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Monday, December 11, 2017
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Who is running Pakistan today?
--Manzoor Ahmed

Even by Pakistani standards, it is a strange phenomenon that has enveloped the country—it is like a train without a driver, or a chicken without a head. An elected Prime Minister was forced into oblivion on corruption charges, with the combined might of the judiciary and the military targeting to break the Sharif family’s hold on politics in Punjab and elsewhere.
The man in the Prime Minister’s saddle is ShahidKhaqanAbbasi, a former engineer who strayed into politics and have shifted alliances in the short career. By all accounts, he is an interim arrangement till Nawaz Sharif is either done in by the judiciary or manages to get himself exonerated. The former looks more like a possibility than the latter. He has been in the seat since August this year and ever since has been running around, to Washington and back, to prove that his country was not a terrorist state. Can any one really take him seriously?
Then who is running the show? The answer should be obvious: the Generals. The Generals are not shy of boasting about it either. The army chief, General Qamar JavedBajwa has been moving about and making `statesman-like` statements now and then to show that who is in charge. But the real clincher of this state was the elaborate press conference held by the Director General of Inter-Services Public Relations (ISPR) in the first week of October. The ISPR is Pakistan Army’s HMV (His Master’s Voice).
There was no provocation for such a media meet. The Generals were not under any threat. The country was not in a crisis more than what it has always been experiencing. No one knows what made the Generals field Maj Gen Asif Ghafoor, Director General, ISPR, to tell the world about their position on everything under the sun. This is how the Major General opened his proclamations--"Pakistan is an indispensable reality. When multiple interests collide, it is natural that conflicts arise." What this gobbledygook means is that Pakistan is not going to change, whether anyone likes it or not.
It was how he framed his defence of the Army and its acts since the jihad days. He then went on to justify all acts of violence perpetrated by the army and its proxies ever since Afghanistan became a battleground of the Cold War.

The General then shifted the blame to Afghanistan. He said there were no organised bases of any terrorist organisation in Pakistan. It was all in the west, in Afghanistan. This was grossly unfair to several outfits operating within the country, all are under the direct or indirect patronage of the army. Unless of course, the Generals consider these killers their friends. How about the Haqqanis? Hafiz Saeed? Masood Azhar? All friends of Pakistan?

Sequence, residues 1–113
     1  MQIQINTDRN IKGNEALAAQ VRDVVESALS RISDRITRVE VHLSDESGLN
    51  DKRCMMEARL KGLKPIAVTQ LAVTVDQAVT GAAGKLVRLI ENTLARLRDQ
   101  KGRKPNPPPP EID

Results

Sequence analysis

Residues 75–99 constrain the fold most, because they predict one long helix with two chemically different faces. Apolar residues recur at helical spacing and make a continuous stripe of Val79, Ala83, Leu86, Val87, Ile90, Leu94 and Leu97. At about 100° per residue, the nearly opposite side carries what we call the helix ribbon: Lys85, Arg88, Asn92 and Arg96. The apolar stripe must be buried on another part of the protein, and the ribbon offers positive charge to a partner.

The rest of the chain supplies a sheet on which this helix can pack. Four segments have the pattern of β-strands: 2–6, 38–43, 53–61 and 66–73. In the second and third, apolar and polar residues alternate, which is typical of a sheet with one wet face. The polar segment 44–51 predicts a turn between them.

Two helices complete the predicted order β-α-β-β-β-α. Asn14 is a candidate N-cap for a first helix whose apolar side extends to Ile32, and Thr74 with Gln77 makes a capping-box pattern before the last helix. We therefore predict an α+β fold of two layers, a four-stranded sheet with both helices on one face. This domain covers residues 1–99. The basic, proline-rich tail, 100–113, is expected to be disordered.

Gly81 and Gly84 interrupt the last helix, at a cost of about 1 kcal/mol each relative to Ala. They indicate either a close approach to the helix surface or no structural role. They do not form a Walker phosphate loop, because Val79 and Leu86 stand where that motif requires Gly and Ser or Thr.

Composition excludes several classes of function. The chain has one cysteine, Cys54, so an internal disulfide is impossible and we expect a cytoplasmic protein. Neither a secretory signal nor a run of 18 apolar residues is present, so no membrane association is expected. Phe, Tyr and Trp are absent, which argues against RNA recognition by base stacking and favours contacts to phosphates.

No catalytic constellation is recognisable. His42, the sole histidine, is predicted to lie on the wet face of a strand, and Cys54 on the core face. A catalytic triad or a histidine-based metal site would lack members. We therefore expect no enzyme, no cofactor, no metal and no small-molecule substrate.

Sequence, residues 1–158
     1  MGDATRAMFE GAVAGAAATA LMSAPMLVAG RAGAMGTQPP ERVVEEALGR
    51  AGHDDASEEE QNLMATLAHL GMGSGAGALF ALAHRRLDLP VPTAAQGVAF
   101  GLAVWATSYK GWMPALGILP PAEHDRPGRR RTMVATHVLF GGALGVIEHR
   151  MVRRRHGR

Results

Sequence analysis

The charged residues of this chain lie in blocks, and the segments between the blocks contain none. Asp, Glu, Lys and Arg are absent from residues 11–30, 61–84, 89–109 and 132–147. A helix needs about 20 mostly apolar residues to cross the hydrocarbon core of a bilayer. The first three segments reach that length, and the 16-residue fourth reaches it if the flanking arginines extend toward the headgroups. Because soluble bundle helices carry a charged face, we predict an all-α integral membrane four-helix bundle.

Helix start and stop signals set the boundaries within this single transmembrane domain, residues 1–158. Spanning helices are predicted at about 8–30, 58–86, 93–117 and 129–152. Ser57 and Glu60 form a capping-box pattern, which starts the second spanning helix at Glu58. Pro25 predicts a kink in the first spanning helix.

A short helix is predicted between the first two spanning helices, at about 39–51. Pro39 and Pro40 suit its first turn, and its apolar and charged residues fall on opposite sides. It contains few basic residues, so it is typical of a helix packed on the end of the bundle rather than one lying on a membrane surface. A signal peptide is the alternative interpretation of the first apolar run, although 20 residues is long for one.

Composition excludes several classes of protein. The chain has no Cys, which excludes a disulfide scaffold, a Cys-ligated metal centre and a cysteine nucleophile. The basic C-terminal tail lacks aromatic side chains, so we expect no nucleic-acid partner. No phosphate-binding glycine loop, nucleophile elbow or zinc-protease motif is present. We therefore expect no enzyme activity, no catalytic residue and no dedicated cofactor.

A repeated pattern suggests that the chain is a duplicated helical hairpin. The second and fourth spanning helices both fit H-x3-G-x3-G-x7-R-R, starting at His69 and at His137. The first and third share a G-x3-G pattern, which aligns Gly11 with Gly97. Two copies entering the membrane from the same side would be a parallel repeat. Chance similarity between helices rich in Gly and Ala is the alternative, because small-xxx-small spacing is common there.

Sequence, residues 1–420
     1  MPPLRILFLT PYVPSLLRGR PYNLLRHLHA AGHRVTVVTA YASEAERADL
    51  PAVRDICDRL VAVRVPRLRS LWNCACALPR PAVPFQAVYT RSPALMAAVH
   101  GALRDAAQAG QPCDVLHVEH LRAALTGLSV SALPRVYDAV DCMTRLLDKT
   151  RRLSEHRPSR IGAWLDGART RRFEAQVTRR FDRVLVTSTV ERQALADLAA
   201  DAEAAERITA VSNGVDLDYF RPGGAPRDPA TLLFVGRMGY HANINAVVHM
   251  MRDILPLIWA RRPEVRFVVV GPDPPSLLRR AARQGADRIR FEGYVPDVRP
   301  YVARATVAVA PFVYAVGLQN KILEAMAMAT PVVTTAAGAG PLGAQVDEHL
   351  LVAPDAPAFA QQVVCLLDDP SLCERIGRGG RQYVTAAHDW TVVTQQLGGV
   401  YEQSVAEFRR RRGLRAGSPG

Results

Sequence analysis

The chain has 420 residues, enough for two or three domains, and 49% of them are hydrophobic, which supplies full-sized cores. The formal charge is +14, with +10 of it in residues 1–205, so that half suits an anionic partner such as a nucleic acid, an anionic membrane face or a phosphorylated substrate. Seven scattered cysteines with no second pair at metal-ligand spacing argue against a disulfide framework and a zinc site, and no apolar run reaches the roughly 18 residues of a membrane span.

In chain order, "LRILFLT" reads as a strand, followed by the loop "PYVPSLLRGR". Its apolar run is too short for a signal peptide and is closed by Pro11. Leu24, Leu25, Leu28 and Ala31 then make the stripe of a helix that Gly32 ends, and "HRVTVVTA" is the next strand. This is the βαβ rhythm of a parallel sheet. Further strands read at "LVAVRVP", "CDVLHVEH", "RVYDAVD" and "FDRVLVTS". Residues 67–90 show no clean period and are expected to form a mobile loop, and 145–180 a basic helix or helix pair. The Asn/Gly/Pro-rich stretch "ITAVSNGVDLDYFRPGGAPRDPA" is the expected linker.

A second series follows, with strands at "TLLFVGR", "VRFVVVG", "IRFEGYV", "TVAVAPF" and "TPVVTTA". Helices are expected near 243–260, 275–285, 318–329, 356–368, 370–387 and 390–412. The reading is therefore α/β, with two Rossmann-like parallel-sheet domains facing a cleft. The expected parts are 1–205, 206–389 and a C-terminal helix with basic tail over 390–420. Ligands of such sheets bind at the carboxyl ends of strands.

He chose to name Tehrik-e-Taliban Pakistan and other ``non-state actors`` as threats. How about the Taliban? It was a creation of the Generals and enjoys a close alliance with the Army. The top leadership was rescued and then provided refuge, along with substantial pay and perks, in cities like Quetta, Karachi and Peshawar. Even now, the families of the Taliban leaders are happily living in Pakistani cities on doles so generously given out by the Generals.
Then the General turned towards India. He said the threats from India were perpetual. ``We are a peaceful country and we do not want war with them.``It was a good PR ploy but he forgot to mention one simple thing: the animosity is provoked by Pakistan’s proxy war in Kashmir and elsewhere. If Pakistan were to drop this suicidal idea, there would be a better atmosphere for cordial talks and eventually a stable relationship between the two neighbours.
On the issue of anti-India terrorists, the General was at pains to project Saeed as a legitimate aspirant to political power in his country. This was what he said when asked about Saeed’s new political venture, Milli Muslim League: "Every Pakistani has the right to participate in the polling process." The statement offers a clear insight into what the Generals are thinking, particularly about the next year’s elections. They want the Sharifs down, if not out entirely and help their agent provocateurs like Saeed to rise in politics.
He was quite coy the apex court and the army nexus. The Supreme Court had appointed two members from the ISI and Military Intelligence to the Joint Investigation Team which probed the accusation of corruption against the Sharifs and found him guilty. The apex court was quick to sack the elected Prime Minister. The Major General said the army did what was asked by the apex court to do. `` We were not party — whatever the Supreme Court asked, we did.``
The General could not resist when a journalist told him about the murmurs that the country was effectively under a martial law. Well-known human rights leader and lawyer, Asma Jahangir, had accused the army of foisting an undeclared martial law on the country. The General let the cat out in his short reply which went like this---saying that there is going be a martial law should not even be talked about. We are busy in doing our duty as stated in the Constitution.``
Need any more words be said on the Generals successful gambit in throwing out the Sharifs and pushing their loyal agents like Hafiz Saeed to the front?


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